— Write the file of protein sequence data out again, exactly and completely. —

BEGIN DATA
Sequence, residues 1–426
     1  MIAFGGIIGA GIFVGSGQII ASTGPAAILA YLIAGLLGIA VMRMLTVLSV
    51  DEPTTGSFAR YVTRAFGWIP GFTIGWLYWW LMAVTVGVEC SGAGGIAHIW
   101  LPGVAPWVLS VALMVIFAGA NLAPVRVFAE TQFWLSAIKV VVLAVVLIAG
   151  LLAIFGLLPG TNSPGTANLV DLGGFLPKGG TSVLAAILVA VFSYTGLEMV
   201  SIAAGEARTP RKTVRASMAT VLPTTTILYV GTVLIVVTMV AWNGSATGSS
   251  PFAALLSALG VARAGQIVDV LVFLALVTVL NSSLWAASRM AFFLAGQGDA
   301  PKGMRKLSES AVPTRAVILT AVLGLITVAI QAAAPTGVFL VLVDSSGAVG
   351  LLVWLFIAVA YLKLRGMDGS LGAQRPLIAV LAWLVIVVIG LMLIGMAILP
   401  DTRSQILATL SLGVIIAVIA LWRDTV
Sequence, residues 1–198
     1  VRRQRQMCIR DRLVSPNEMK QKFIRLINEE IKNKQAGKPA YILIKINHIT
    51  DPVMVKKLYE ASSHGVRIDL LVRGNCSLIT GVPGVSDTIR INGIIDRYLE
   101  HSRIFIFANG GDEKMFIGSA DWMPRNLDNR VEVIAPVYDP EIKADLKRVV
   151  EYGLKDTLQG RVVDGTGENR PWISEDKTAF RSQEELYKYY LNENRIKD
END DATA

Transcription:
Sequence, residues 1–426
     1  MIAFGGIIGA GIFVGSGQII ASTGPAAILA YLIAGLLGIA VMRMLTVLSV
    51  DEPTTGSFAR YVTRAFGWIP GFTIGWLYWW LMAVTVGVEC SGAGGIAHIW
   101  LPGVAPWVLS VALMVIFAGA NLAPVRVFAE TQFWLSAIKV VVLAVVLIAG
   151  LLAIFGLLPG TNSPGTANLV DLGGFLPKGG TSVLAAILVA VFSYTGLEMV
   201  SIAAGEARTP RKTVRASMAT VLPTTTILYV GTVLIVVTMV AWNGSATGSS
   251  PFAALLSALG VARAGQIVDV LVFLALVTVL NSSLWAASRM AFFLAGQGDA
   301  PKGMRKLSES AVPTRAVILT AVLGLITVAI QAAAPTGVFL VLVDSSGAVG
   351  LLVWLFIAVA YLKLRGMDGS LGAQRPLIAV LAWLVIVVIG LMLIGMAILP
   401  DTRSQILATL SLGVIIAVIA LWRDTV
Sequence, residues 1–198
     1  VRRQRQMCIR DRLVSPNEMK QKFIRLINEE IKNKQAGKPA YILIKINHIT
    51  DPVMVKKLYE ASSHGVRIDL LVRGNCSLIT GVPGVSDTIR INGIIDRYLE
   101  HSRIFIFANG GDEKMFIGSA DWMPRNLDNR VEVIAPVYDP EIKADLKRVV
   151  EYGLKDTLQG RVVDGTGENR PWISEDKTAF RSQEELYKYY LNENRIKD